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Psalm 2:6 Updated American Standard Version (UASV)
6 “But as for me, I have set my King
on Zion, my holy mountain.”
But as for me, I have set my King. The word yet is merely the translation of the conjunction and. It is rendered in the Vulgate but—autem; and so in the LXX., δὲ. It would be better rendered perhaps by the usual word and: “And I have set or constituted my king,” &c. This is properly to be regarded as the expression of God himself, as what he says in reply to their declared purposes (ver. 3), and as what is referred to in Psa 2:5. The meaning is, he would speak to them in his anger, and say, “In spite of all your purposes and all your opposition, I have set my king on the hill of Zion.” That is, they had their plans, and God had his; they meant to cast off his authority and to prevent his purpose to set up the Messiah as king; he resolved, on the contrary, to carry out his purposes, and he would do it. The word rendered set—נָסַךְ, nasach—means, literally, to pour, to pour out, as in making a libation to the Deity, Ex. 30:9; Hos. 9:4; Isa. 30:1; then, to pour out oil in anointing a king or priest, and hence to consecrate, to inaugurate, etc. See Josh. 13:21; Ps. 83:11; Mic. 5:5. The idea here is, that he had solemnly inaugurated or constituted the Messiah as king; that is, he had formed the purpose to do it, and he, therefore, speaks as if it were already done. The words my King refer, of course, to the anointed One, the Messiah, Psalm2:2. It is not simply a king or the king, but “my king,” meaning that he derived his appointment from God and that he was placed there to execute his purposes. This indicates the very near relation which the anointed One sustains to him who had appointed him and prepares us for what is said in the subsequent verse, where he is called his Son.
On Zion, my holy mountain. Zion was the southern hill in the city of Jerusalem. See Isa. 1:8. It was the highest of the hills on which the city was built. It was made by David the capital of his kingdom and was hence called the city of David, 2 Chron. 5:2. By the poets and prophets, it is often put for Jerusalem itself, Isa. 2:3; 8:18; 10:24; 33:14, et al. It did not obtain this distinction until it was taken by David from the Jebusites, 2 Sam. 5:5–9; 1 Chron. 11:4–8. David removed the ark of the covenant to that place, and there he built an altar to the Lord in the threshing floor of Araunah the Jebusite, 2 Sam. 24:15–25. Zion became the metropolis of the kingdom thenceforth, and the name was transferred to the entire city. It is to this that the passage here refers, and the meaning is that in that metropolis or capital, God had constituted his Messiah king or had appointed him to reign over his people. This cannot refer to David himself, for in no proper sense was he constituted or inaugurated king in Jerusalem; that is, there was no such ceremony of inauguration as is referred to here. Zion was called the “holy hill,” or “the hill of my holiness” (Heb.), because it was set apart as the seat of the Theocracy, or the residence of God, from the time that David removed the ark there. That became the place where God reigned and where his worship was celebrated. This must refer to the Messiah and to the fact that God had set him apart to reign over his people and thence over all the earth. The truth taught in this passage is, that God will carry forward his own purposes in spite of all the opposition which men can make and that it is his deliberate design to make his anointed One—the Messiah—King over all.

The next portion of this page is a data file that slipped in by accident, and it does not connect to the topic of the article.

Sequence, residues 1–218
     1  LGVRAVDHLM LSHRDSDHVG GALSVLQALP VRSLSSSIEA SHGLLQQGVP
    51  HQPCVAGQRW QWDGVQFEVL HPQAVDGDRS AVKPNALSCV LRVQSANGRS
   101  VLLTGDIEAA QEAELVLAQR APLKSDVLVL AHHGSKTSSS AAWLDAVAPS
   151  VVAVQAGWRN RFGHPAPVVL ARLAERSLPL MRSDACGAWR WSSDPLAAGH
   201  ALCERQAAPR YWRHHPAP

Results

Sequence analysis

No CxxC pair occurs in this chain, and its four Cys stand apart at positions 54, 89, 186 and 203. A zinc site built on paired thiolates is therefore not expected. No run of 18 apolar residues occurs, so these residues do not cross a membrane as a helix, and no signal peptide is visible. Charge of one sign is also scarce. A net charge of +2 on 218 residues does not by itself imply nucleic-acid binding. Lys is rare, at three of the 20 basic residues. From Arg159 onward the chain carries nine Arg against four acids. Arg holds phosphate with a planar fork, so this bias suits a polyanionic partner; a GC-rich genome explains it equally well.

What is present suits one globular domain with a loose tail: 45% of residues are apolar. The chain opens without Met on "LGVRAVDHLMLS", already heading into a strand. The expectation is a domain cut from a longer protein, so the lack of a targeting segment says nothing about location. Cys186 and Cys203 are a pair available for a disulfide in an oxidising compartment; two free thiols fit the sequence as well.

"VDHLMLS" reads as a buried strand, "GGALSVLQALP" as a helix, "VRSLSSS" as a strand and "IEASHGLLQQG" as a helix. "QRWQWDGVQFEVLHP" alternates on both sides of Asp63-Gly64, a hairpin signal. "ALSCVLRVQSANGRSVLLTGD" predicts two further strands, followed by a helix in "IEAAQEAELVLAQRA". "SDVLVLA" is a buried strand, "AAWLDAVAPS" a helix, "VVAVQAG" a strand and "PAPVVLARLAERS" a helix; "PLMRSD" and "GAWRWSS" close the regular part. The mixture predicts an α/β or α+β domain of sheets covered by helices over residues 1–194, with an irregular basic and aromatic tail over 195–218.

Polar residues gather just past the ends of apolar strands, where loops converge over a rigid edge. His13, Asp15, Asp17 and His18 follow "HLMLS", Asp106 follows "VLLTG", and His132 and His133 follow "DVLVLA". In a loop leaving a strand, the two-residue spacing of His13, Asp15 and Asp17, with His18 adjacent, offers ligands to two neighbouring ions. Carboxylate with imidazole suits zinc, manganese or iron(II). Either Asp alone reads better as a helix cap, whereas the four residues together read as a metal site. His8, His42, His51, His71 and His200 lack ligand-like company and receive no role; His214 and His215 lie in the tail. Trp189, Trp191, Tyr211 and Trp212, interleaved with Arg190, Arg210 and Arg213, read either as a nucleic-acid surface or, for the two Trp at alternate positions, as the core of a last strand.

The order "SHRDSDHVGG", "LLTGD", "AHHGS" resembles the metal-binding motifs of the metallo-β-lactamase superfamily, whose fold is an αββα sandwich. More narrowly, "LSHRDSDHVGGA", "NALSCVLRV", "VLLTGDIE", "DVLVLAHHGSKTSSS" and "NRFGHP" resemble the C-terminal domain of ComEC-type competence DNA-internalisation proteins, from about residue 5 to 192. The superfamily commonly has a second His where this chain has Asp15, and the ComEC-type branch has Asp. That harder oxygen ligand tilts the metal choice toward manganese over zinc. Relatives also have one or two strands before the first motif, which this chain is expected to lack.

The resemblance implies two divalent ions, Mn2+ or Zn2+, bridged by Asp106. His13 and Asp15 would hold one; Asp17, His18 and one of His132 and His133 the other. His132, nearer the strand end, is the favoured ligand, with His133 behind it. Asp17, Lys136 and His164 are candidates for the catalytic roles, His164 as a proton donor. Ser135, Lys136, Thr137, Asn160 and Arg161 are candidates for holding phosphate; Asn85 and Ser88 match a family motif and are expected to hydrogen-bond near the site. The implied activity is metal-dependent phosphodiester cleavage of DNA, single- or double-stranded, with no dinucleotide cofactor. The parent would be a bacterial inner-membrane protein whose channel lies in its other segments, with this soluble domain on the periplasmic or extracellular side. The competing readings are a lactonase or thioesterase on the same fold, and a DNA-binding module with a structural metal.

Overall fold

By Albert Barnes and Edward D. Andrews